... The goal of the vortex-based smearing correction is to calculate a velocity the that simulates the effect of ideal vortices, hence, the value of , ideally, should be zero. We denote this velocity, u , that can be calculated using the influence matrices A y and A z , from the lifting line method: u y = U y + u y , = U y + A y (15) u z = U z + u z , = U z + A z (16) while the corrected velocity of the ALM, in the linearized method, is calculated as u y = u y + u = u y + u y , − u y , = u y + A y − A y (17) u z = u z + u z = u z + u z , − u z , = u z + A z − A z (18) where we assumed that the matrix of influence A is the same for the ALM and the LL. This may not be the case, since the vortex sheet in each method is created in a different way (see, for example, figure 3 and further discussion at [27]). ...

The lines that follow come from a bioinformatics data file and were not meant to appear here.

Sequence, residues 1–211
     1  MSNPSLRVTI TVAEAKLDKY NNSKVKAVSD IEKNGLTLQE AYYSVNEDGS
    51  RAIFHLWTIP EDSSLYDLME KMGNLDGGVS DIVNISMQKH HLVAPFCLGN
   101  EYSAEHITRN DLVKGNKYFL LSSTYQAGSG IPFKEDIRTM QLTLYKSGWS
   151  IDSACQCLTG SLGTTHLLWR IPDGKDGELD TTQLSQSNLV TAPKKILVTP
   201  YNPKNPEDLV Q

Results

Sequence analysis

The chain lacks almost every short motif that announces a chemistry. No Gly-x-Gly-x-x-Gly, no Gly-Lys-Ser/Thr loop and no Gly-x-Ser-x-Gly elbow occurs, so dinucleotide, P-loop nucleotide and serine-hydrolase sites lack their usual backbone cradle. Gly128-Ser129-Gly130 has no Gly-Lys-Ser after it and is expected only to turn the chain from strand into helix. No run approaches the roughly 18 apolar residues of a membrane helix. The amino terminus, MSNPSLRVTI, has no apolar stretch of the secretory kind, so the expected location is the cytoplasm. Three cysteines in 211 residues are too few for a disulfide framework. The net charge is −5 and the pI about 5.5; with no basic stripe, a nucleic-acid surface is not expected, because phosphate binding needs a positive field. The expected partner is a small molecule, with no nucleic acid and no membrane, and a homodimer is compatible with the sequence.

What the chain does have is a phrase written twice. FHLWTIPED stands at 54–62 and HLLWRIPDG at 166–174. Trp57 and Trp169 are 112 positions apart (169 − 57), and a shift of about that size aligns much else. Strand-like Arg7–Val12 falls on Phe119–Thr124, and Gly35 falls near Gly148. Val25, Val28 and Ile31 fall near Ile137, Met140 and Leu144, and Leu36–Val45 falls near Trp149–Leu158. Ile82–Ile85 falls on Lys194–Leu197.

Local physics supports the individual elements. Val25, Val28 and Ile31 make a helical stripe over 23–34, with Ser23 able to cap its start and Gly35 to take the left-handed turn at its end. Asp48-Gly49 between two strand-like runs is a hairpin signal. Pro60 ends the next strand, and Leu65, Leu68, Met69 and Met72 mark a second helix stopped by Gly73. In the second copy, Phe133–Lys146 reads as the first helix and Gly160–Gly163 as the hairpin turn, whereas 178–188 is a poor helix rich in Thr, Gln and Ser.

Two configurations typical of fixed-wing aircraft are simulated with the actuator line method (ALM): a wing with winglets and a T-tail. The ALM is extensively used in rotor simulations, modeling the presence of blades by body forces, calculated from airfoil data and the relative flow velocity. This method has not been used to simulate airplane aerodynamics, despite its advantage of allowing courser grids. This may be credited to the failure of the uncorrected ALM to accurately predict forces near the tip of wings, even for simple configurations. The conception of the vortex-based smearing correction showed promising results, suggesting such failures are part of the past. For the non-planar configurations studied in this work, differences between the ALM with the original smearing correction and a non-linear lifting line method (LL) are observed near the intersection of surfaces, because the circulation generated in the numerical domain differs from the calculated corrected circulation. A vorticity magnitude correction is proposed, which improves the agreement between ALM and LL. This second-order correction resolves the ambiguity in the velocity used to define the lift force. The good results indicate that the improved ALM can be used for airplane aerodynamics, with an accuracy similar to the LL.